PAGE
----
In unity, USF community gathers to remember [video]

Students, faculty and staff gathered in the heart of USF June 13 to honor and remember the victims of the recent shooting at an Orlando nightclub, as well as to feel a connection of unity and comfort in the aftermath of such horror.

In her welcoming remarks, Assistant Vice President and Dean of Students Danielle McDonald quoted Dr. Martin Luther King, saying “Darkness cannot drive out darkness. Only light can do that. Hate cannot drive out hate. Only love can do that.”

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“We’re coming together as a community to mourn the tragic events of this weekend in Orlando,” McDonald said. “Regardless of whether you knew someone who was a victim, our community feels the loss. This is the time for us to unite and support each other in love and drive out hate.”

Leading the group of speakers was Judy Genshaft, president of the USF System, who spoke of the heartbreak and the fear, but also of the love and the diversity that makes up the USF community.

“As I stand here with members of my University of South Florida family, I take comfort in seeing you come together in a show of solidarity,” President Genshaft said. “Across the University of South Florida System, we are proud of our diversity and our culture of inclusion. As a community of scholars, we draw our intellectual and creative strength from people from many nations, races, religions, cultures, ages, identities and orientations. We strive to set an example for our community for what living and learning in harmony is all about. We are a welcoming community for all. We cannot let these events change us or how we relate to one another. We cannot let this violence make us numb. We cannot let it force us into fear and isolation that only further drives us apart. We must continue to live with open minds and open hearts.

“The freedom to live as we want, love who we want, learn what we want, and speak our truths, has been hard won over the ages. This is a big community of 48,000 people. But tonight we stand together to say there is no room for fear and hate here. Our USF family is a tapestry of many different kinds of people and better for it.”

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USF Student Government Vice President Alec Waid urged his classmates to stand strong.

“To say that this is a tragedy, that makes college students stop and think about the fragility of life, is an immense understatement,” Waid said. “The people killed and injured at Pulse nightclub were doing what most of us do, doing what people who are full of life do every weekend. It makes you stop and think what it truly means to live in the moment. We are lucky here at USF because we come together as students at a time in our lives when anything is possible, when we can do anything. We dream of changing the world and we dream of doing it with our friends by our sides. And I know the people in that club, whether they were 19, or 27 or 50 years old, dreamed of doing the same exact thing.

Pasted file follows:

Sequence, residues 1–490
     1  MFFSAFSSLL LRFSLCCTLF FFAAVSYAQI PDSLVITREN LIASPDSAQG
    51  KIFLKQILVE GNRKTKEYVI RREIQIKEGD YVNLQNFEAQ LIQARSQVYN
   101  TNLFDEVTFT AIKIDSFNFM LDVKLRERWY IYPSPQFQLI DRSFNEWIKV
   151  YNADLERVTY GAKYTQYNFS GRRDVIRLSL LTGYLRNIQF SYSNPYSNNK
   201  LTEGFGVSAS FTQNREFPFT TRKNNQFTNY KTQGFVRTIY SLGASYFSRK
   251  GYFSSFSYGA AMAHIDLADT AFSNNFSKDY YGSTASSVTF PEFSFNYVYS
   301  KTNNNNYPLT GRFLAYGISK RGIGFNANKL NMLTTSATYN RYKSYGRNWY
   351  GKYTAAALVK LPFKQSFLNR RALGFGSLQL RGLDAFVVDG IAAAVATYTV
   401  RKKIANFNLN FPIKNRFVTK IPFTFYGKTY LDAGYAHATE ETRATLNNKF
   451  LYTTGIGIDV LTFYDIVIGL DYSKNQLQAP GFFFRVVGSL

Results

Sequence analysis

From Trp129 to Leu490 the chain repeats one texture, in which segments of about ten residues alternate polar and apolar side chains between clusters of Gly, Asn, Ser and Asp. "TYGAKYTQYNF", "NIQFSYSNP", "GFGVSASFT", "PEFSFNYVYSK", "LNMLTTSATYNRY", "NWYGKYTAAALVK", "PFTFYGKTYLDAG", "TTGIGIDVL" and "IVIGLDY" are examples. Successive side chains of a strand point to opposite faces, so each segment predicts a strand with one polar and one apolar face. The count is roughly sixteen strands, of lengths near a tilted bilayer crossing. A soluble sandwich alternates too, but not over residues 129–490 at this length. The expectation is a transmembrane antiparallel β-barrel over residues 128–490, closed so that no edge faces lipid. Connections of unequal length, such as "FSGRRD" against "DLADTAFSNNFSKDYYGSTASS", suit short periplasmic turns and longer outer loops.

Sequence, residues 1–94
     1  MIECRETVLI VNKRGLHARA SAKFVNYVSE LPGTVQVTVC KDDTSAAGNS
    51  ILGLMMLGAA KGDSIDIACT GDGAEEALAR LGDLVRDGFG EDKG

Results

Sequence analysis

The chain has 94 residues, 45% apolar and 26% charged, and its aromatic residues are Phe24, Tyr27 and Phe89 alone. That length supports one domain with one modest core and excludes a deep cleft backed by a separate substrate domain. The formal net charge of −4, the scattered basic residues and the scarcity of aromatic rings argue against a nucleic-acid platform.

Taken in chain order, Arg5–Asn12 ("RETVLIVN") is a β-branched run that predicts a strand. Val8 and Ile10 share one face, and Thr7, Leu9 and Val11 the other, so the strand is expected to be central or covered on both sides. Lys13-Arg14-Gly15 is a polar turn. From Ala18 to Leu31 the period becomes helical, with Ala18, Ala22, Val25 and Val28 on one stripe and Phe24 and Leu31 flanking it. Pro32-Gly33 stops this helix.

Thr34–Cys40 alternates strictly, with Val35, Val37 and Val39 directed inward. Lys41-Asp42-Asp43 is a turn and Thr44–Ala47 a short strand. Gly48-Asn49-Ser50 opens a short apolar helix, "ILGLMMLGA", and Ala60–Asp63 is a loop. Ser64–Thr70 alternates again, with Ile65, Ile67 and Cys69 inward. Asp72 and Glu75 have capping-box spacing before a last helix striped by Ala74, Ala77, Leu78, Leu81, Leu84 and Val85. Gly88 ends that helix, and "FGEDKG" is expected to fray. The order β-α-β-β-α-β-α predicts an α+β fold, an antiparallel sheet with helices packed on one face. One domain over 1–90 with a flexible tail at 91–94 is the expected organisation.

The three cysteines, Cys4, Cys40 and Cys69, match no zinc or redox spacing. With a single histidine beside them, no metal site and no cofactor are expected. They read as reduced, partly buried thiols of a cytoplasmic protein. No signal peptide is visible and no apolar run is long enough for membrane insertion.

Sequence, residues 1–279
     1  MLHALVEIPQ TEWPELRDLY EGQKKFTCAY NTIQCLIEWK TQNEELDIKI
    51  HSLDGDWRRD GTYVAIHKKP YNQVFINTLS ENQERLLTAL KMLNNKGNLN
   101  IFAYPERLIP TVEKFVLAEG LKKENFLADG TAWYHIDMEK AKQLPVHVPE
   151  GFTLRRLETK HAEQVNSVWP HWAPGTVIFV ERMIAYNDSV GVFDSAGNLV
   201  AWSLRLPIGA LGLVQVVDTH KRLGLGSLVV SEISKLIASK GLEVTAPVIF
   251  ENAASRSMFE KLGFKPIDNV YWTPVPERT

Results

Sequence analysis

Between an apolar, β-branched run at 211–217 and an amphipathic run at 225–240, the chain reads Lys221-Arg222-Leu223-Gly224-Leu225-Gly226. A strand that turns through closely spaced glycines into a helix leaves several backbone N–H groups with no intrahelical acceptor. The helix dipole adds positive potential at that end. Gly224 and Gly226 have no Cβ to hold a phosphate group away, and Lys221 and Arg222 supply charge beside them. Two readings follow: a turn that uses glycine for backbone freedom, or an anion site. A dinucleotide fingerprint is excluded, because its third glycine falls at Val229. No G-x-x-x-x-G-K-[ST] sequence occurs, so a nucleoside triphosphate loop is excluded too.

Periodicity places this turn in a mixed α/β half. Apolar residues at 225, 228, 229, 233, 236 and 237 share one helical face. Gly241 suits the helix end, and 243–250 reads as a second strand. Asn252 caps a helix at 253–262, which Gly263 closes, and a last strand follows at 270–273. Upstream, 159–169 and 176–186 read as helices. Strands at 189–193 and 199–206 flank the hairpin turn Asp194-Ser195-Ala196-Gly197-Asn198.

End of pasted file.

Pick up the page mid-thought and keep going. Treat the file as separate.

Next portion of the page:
“If we can get anything from this, we see a challenge that’s posed to our generation because we cannot let this hatred define our reality. We cannot let this violence define our reality. We should not and we will not live in fear because of these dangerous attitudes and actions. I want our campus community to remember the victims in Orlando for the right reasons. Not as victims of a hate-filled terrorist attack, but of people who lived boldly, people who lived freely and who lived true to themselves. We have to talk to each other and understand each other because we are a community based upon inclusion and a community based upon unity. And we owe it to the victims and their families to give lasting meaning to the lives that are lost.”

Unity Memorial

Daniel Cruz-Ramirez de Arellano, PhD, a faculty member in the USF Department of Chemistry, spoke of the critical need for each of us to turn to our USF community for support.

“Thank you all for being here and for responding to the collective call of remembrance and collective mourning,” Dr. Cruz said. “As a USF community, we must stand together in happy times and in sad times of tragedy because we are each other’s support group. I am proud to be part of an institution that pulls together like this. I know firsthand the challenges that arise just because of daring to be who you are, daring to be your authentic self. We are all just people, here in this world, together. As we mourn the loss of our brothers and sisters, it might be easy to give in to feelings of vengeance or even feelings of hate. But today I say to you that I reject vengeance. I reject hate. I reject the bitterness. And, instead, I choose love, I choose hope, and I choose unity. Because united, all of us, LGBT or otherwise, Latino or otherwise, can be a force for positive change. A force for love.”

Then, as the sun set in the west, the group of several hundred walked from the USF Marshall Student Center Amphitheater to the MLK Plaza to set carnations next to the King statue, flow around the fountain and sign a banner in solidarity — a united USF community.

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Unity Memorial

Unity Memorial

Unity Memorial

Unity Memorial

Unity Memorial

Unity Memorial

Unity Memorial

Unity Memorial

Memorial held at USF to pay respect for those slain and injured in Orlando during the Pulse nightclub shooting.

 

Unity Memorial

Unity Memorial

 

Unity Memorial

Photos by Eric Younghans and video by Sandra C. Roa, USF Health Office of Communications